For many Americans, the official kickoff to summer picnic and grilling season happens this weekend. With all of that food handling happening, it’s inevitable than many of us will end our fun afternoons with no-so-fun circumstances. An estimated 128,000 people nationwide will end up in the hospital with foodborne illnesses this year, but many of these can be prevented by properly cooking and storing foods when traveling and cooking out.
The U.S. Department of Agriculture’s (USDA) Food Safety and Inspection Service (FSIS) recommends that you refresh your memory on food safety before diving into summer festivities.
- Keep perishable foods at or below 40ºF.
- Food should never sit out longer than 2 hours. If weather is hot, knock this down to 60 minutes.
- Pack separate coolers for perishable items and other items like drinks, if people will be reaching in and out. This will ensure your meats or poultry stay cold, while you still have access to chilled beverages.
- Prevent juices from raw meat from contaminating other items by making sure they’re stored in individual waterproof containers.
If you’re traveling with perishable foods items like raw meat or poultry, you need to take special precautions before hitting the grill. Bacteria grow rapidly in warm temperatures, so foods need kept at 40ºF or below to reduce the likelihood of illness. If foods sit above 40º for more than two hours, they should be discarded.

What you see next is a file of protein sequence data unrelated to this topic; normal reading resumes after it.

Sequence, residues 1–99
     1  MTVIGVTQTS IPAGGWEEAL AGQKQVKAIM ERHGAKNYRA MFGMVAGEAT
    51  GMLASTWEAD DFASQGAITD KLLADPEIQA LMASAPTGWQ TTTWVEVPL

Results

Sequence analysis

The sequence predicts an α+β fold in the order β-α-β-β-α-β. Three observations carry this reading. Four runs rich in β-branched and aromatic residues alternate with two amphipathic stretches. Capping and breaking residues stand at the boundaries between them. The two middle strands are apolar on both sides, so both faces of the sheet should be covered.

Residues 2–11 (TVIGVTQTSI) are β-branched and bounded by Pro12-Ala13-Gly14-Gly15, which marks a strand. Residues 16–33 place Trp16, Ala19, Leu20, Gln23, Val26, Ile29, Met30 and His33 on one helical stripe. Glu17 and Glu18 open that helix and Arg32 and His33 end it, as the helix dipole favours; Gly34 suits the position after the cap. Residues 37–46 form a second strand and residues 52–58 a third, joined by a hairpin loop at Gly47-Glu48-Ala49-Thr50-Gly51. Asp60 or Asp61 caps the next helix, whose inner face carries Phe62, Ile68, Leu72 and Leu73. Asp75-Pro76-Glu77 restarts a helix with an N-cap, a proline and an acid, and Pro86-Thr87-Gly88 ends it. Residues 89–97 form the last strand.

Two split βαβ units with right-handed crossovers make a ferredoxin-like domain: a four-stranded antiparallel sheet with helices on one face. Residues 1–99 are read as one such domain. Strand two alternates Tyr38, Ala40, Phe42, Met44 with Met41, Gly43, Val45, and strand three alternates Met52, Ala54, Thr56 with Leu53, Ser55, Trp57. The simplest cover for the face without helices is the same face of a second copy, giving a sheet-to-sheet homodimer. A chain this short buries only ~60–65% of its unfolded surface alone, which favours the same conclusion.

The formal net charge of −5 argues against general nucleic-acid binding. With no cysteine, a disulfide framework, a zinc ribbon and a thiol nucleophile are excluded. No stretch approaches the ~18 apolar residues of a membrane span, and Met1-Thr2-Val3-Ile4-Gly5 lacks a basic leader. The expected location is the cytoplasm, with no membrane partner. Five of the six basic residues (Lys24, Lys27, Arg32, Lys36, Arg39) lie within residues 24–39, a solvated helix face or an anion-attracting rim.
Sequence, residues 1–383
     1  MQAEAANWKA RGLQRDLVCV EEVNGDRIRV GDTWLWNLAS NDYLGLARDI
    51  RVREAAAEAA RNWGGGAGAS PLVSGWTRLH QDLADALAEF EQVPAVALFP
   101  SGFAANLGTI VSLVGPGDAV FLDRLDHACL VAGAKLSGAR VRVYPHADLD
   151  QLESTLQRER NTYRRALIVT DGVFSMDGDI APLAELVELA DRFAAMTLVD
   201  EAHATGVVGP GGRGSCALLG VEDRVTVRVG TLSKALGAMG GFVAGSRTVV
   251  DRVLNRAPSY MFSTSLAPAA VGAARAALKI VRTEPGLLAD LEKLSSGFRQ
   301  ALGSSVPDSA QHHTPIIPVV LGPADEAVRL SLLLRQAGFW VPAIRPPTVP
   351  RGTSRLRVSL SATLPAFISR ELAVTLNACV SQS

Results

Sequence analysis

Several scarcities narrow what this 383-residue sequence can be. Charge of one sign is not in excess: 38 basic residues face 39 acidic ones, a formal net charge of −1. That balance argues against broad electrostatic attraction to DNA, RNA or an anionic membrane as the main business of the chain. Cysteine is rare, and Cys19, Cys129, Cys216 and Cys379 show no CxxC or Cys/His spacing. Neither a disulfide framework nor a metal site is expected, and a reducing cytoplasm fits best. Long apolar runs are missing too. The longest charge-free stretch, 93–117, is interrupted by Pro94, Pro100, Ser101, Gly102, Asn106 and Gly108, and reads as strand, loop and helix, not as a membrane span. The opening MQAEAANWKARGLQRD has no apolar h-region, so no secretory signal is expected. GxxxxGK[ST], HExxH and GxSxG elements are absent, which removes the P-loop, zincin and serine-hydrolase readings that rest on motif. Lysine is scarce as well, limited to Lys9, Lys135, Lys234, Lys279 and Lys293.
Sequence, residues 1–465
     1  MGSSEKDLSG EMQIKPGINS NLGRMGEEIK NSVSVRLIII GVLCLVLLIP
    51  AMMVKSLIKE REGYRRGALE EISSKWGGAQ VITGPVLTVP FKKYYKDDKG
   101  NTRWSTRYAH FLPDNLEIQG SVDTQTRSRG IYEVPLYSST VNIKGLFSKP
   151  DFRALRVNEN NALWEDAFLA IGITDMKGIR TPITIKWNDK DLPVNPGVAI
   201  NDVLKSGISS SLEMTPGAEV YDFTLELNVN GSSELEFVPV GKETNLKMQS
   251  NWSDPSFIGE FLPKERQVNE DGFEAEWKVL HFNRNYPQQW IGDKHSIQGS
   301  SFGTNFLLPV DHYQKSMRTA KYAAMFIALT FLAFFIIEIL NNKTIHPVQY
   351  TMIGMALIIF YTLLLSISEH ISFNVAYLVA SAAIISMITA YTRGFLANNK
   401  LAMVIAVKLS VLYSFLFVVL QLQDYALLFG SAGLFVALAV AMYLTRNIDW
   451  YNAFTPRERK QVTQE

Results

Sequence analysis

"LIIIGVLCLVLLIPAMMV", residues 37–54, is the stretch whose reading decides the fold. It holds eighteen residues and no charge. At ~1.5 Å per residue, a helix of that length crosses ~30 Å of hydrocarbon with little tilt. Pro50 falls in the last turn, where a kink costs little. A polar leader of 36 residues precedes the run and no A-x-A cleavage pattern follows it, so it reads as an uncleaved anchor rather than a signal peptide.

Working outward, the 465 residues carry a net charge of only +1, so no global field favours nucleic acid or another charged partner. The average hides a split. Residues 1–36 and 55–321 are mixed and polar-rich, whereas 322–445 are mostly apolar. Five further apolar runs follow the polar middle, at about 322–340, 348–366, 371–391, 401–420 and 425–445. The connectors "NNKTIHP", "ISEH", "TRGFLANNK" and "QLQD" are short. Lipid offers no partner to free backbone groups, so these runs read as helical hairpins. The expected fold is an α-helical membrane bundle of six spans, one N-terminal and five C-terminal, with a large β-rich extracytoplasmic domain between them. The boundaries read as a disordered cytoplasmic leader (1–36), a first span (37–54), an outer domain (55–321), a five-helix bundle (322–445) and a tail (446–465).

If you’re grilling out, prepare ahead and keep these items handy to help ensure a safe meal:
- Food thermometer
- Paper towels or moist wet wipes
- Two sets of cooking utensils (you don’t want to handle raw food with the same set as cooked foods).
- Two plates or containers (you don’t want to place cooked foods back in the same container that held the raw meat).
a Temperature guide for grilled meat
One of the best things you can do is invest in a thermometer and reference it often. Here’s what to check for:
- Beef, pork, lamb or veal (steaks, roasts or chops): Internal temperatures at least 145ºF with a three-minute rest time.
- Ground meats: 160ºF
- Whole poultry, poultry breasts or ground poultry: 165ºF
When you’re done grilling, make sure all leftovers are refrigerated or put on ice within two hours after cooking — the time clock starts as soon as meat is removed from the grill. Any leftovers should be rated within three or four days if refrigerated properly.
If you have specific questions about foodborne illnesses or your grilling situation, get additional USDA information at AskKaren.gov.
Also see, Back to school food safety for parents.